Malaysia has won another legal victory in its bid to overturn a multi-billion-dollar arbitration award handed down against it last year over an obscure, colonial-era land deal. In a ruling yesterday, the Hague Court of Appeal dismissed a bid to enforce the $15 billion award granted by a Paris tribunal last year in favor of eight Philippine citizens who claim to be the legal descendants of Jamalul Kiram II, the last Sultan of Sulu.
The award was granted to the descendants over a deal that Jamalul Kiram II signed in 1878 with a British trading company over the use of his territory, in what is now the Malaysian state of Sabah on the island of Borneo.
While Malaysia secured a stay on the award in France, the ruling remains enforceable overseas under a U.N. treaty on arbitration and the claimants have since sought its enforcement in several European jurisdictions. Last September, the heirs asked a Dutch court to recognize and enforce the award in the Netherlands, and allow them to seize Malaysian assets to this end. They have attempted to do the same in France and Luxembourg.
However, as Reuters reported, citing a notice on the court’s website, judges ruled that the 1878 agreement lacked a clause binding parties to arbitration. It also ruled that the French stay meant the claim was not enforceable in the Netherlands.
The Dutch ruling is just the latest to come down in Malaysia’s favor in connection with the case in recent months. The Paris Court of Appeals ruled earlier this month that the arbitration court that ordered Malaysia to make the payment to the Sulu heirs did not have jurisdiction to rule in the case. A Spanish court also ruled in Malaysia’s favor in February, nullifying the actions of the Spanish arbitrator and rejecting the claimants’ appeal.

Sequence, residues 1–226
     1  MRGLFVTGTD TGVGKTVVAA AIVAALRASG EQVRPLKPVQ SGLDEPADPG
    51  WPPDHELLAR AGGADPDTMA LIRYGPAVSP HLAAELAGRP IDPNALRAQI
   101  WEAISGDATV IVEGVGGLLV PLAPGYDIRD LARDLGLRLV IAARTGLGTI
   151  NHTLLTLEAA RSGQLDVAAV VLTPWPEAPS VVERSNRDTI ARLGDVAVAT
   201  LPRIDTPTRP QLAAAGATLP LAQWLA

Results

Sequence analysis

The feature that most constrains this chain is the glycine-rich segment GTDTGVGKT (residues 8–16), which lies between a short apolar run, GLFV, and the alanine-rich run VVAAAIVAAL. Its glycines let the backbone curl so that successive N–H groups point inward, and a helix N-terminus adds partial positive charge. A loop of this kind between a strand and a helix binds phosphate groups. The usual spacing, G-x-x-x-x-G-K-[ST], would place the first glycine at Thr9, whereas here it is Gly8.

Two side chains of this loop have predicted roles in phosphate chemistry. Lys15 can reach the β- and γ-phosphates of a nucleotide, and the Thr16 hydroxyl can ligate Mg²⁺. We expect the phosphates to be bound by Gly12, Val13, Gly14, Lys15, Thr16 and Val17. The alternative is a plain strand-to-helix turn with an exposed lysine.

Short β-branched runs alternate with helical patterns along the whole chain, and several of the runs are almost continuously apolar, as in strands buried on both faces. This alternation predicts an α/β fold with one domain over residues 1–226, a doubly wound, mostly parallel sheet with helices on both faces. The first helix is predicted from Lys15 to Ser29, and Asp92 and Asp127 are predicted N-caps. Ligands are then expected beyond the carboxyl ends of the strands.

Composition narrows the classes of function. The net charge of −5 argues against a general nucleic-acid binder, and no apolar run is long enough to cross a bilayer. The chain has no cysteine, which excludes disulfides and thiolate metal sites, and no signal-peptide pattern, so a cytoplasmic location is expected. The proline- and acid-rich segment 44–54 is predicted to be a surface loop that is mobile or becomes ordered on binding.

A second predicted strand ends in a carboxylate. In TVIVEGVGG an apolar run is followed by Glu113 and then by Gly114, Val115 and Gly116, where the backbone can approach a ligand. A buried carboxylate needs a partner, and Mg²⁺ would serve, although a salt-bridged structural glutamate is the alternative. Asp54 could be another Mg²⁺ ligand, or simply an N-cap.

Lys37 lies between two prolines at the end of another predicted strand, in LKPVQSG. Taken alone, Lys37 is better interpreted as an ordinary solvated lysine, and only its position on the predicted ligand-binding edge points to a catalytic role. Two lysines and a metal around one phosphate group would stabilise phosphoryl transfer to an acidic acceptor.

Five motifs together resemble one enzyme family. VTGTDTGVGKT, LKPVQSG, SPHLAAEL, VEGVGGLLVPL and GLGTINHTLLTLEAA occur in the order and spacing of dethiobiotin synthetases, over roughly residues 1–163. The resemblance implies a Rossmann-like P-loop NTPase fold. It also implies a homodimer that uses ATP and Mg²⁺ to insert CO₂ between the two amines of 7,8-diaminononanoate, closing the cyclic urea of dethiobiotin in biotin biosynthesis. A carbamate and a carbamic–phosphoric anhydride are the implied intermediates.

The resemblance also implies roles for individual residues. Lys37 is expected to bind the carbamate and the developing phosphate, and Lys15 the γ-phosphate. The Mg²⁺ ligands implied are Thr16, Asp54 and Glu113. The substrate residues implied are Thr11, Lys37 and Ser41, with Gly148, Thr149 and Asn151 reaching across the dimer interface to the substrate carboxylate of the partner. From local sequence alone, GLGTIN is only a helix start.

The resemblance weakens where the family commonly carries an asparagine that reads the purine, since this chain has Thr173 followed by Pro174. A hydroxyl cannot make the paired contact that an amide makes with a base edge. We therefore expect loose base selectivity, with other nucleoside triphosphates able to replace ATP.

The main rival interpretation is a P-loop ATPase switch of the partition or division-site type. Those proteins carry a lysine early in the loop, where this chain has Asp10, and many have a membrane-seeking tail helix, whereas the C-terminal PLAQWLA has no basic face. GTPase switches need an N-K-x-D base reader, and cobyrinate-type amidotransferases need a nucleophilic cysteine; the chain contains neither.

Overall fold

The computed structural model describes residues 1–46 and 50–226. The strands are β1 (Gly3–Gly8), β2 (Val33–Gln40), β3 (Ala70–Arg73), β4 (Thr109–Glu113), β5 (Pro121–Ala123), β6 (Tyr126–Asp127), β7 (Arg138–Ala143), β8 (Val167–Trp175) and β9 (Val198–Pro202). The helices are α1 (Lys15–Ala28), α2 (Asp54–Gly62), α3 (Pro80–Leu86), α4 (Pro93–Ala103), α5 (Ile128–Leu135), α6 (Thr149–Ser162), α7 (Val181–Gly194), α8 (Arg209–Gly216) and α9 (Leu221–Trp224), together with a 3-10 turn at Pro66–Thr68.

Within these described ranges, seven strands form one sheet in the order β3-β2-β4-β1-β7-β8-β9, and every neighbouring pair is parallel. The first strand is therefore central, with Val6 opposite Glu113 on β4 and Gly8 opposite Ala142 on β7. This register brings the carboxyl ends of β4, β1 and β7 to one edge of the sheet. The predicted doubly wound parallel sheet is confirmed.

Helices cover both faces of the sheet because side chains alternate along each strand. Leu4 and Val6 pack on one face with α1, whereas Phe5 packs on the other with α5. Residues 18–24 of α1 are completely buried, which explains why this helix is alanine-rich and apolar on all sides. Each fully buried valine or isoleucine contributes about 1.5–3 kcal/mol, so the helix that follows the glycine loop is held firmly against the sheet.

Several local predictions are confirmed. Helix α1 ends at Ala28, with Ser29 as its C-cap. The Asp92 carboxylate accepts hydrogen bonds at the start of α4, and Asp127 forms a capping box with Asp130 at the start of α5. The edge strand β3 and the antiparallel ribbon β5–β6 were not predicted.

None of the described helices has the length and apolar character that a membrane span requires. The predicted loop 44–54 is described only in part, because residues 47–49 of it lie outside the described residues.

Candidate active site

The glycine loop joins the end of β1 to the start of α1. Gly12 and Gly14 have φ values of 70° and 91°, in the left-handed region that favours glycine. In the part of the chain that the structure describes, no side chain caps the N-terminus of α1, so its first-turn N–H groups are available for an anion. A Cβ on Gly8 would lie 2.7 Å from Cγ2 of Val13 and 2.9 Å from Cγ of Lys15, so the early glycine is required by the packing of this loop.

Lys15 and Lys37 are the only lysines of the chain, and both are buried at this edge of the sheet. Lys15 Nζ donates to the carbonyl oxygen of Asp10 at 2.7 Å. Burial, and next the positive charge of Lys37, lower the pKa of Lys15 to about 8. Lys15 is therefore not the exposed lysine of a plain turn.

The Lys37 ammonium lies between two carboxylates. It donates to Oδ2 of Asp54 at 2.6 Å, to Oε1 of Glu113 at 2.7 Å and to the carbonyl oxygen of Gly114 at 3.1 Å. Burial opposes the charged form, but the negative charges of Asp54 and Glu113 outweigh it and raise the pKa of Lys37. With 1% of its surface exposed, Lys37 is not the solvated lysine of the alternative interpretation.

In a statement emailed to reporters following the ruling, Malaysian Prime Minister Anwar Ibrahim hailed the “landmark victory” and expressed hopes that it “will put an end to the frivolous attempts” of the claimants to enforce the award in foreign jurisdictions.
“The government of Malaysia is confident that we are now closer than ever to completely nullifying the sham and abusive final award … thus consigning the claimants’ flawed claims to history,” Anwar said in a statement.
He added that this government “will fight by any means necessary against this flagrant exploitation and abuse of the international arbitral system as well as take all necessary actions to recover the costs for the public resources that Malaysia has been forced to expend in dealing with these claims.”
The curious legal case centers on the deal that was signed in 1878 between a European trading company and the Sultan of Sulu for use of his territory, which spanned parts of the southern Philippines and present-day Malaysia. After independence, Malaysia paid a token annual sum to the sultan’s descendants to honor the agreement. However, it ceased the payments in 2013, after other supporters of the former sultanate, including a self-claimed Jamalul Kiram III, launched an armed incursion into eastern Malaysia.
Several years later, the heirs took legal action against the government of Malaysia, claiming that they were not involved in the incursion and seeking arbitration over the suspension of payments, though the eventual award was far in excess of the value of the payments. As BenarNews reports, a court in Luxembourg is set to rule in a similar case in September.